In what has been a recurring cycle, a slew of gun-related violence in D.C. and subsequent conversations about public safety have spurred calls from residents and council members alike to flood the most affected communities with police officers and confiscate as many firearms as possible.
Long before that strategy proved controversial in a June stop-and-frisk scandal involving the Metropolitan Police Department’s (MPD) gun-recovery unit, some residents and activists have pushed against the prevailing school of thought, organizing around legislation that provides resources for residents in place of arrest and prosecution.
Years after the passage of a bill that would’ve facilitated such a process, MPD and D.C. Mayor Muriel Bowser’s responses to inquiries about implementation haven’t been to the liking of local activists, community leaders and disillusioned residents.
Lately, what’s been described as their lack of transparency has inspired more radical thoughts about police-community relations.
“It’s been very interesting to hear people talk about autonomy and self-determination, putting forward community control of the police,” said Netfa Freeman, a member of Pan-African Community Action (PACA).
PACA played a significant role in raising awareness and demanding answers about the death of Alonzo Smith during an encounter with Special Police Officers on the grounds of Marbury Plaza in Southeast in late 2015. From the start, community control over the police counted among PACA’s policy goals.
PACA members are currently conducting a citywide survey that gauges sentiments toward D.C. police and collects suggestions about the rules respondents would create for police if given the opportunity. A report outlining PACA’s findings will be released in the fall.
“The issue is not training, but the policies of the police as determined by the government that takes its cues from the ruling class,” Freeman said, adding that community control over the police would allow residents to protect their communities outside of traditional means.
On its website, PACA affirms this type of police-community relationship as the more effective alternative to the installment of a civilian review board, comprised of residents who would only weigh in on police department policy and firing of officers.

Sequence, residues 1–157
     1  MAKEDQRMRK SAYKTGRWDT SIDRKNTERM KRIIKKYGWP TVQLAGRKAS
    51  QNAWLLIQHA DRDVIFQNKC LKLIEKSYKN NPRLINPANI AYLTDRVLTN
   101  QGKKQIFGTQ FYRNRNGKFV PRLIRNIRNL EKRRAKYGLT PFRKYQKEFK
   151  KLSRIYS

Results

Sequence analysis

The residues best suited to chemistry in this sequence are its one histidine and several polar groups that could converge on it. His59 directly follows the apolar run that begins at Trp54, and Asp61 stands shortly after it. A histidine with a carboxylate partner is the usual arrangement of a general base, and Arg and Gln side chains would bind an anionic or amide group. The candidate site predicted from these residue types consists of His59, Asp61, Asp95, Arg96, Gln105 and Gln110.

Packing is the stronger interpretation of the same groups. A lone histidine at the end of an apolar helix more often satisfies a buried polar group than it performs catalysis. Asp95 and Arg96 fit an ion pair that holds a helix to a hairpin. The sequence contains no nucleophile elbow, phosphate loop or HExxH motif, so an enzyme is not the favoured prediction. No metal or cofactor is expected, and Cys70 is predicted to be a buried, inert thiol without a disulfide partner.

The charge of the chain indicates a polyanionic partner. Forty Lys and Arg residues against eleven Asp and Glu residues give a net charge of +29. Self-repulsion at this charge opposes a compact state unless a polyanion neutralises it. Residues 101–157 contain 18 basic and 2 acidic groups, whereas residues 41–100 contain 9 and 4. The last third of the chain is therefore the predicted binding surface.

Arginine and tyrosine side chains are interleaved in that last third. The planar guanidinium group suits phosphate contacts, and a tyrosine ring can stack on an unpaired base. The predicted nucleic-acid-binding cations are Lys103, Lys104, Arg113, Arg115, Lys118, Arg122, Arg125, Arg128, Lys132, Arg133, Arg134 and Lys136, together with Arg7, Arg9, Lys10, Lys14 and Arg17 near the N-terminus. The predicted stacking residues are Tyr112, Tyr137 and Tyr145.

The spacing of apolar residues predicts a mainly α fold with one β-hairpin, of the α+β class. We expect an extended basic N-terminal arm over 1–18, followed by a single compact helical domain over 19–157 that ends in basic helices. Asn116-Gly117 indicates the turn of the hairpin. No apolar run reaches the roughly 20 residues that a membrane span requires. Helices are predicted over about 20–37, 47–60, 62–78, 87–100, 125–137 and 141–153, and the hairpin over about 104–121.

“What we are proposing would give communities the power to completely re-imagine and re-envision the very nature of policing itself,” Freeman said.
Predicting pushback and references to low voter turnout in Wards 7 and 8, communities said to have been targeted the most by MPD, during the June 19 primary, Freeman said that many people living east of the Anacostia River feel they don’t have enough say in their daily affairs. A contentious police-community relationship counts among the key causes of that worldview.
“This is the evolution of the mandate to apply a human rights framework to policing,” Freeman said, adding that the public outcry about MPD’s alleged shady dealings, and the strong community turnout at last Thursday’s public hearing at Deanwood Recreation Center in Northeast about policing affirms that Ward 7 and 8 residents value civic engagement.
“Community control is a question of democracy. Low voter turnout reflects a lack of trust. If you let people set the priorities of the police, they would come out to people’s assemblies and the ballot box in droves,” he added.
Sheriff Road Becomes a Battleground
Less than a week after the D.C. primary, a group of officers from MPD’s gun-recovery unit approached a group of men in front of Nook’s Beauty and Barber Shop on Sheriff Road in Northeast during what was later determined to be an illegal search. Smartphone video that documented the encounter showed officers asking to speak with the owner of a vehicle that had tinted windows.
Minutes later, an officer asked one of the men to stand up and pulled what appeared to be a gun from his waist. When officers demanded the other men’s identification, the confrontation intensified. In a letter to MPD Chief Peter Newsham later that month, ANC Commissioner Anthony Lorenzo Green alleged that officers pulled a BB gun from a decoy.
During Thursday’s council hearing, Newsham defended the officers’ actions on June 22 but conceded that they should avoid tension with community members. During his testimony, D.C. council members grilled Newsham about smartphone footage showing two officers searching a Northeast backyard without a warrant or explanation.
Though those officers have been removed from the gun-recovery unit, they’ve been said to still conduct patrols in MPD’s 6th and 7th districts.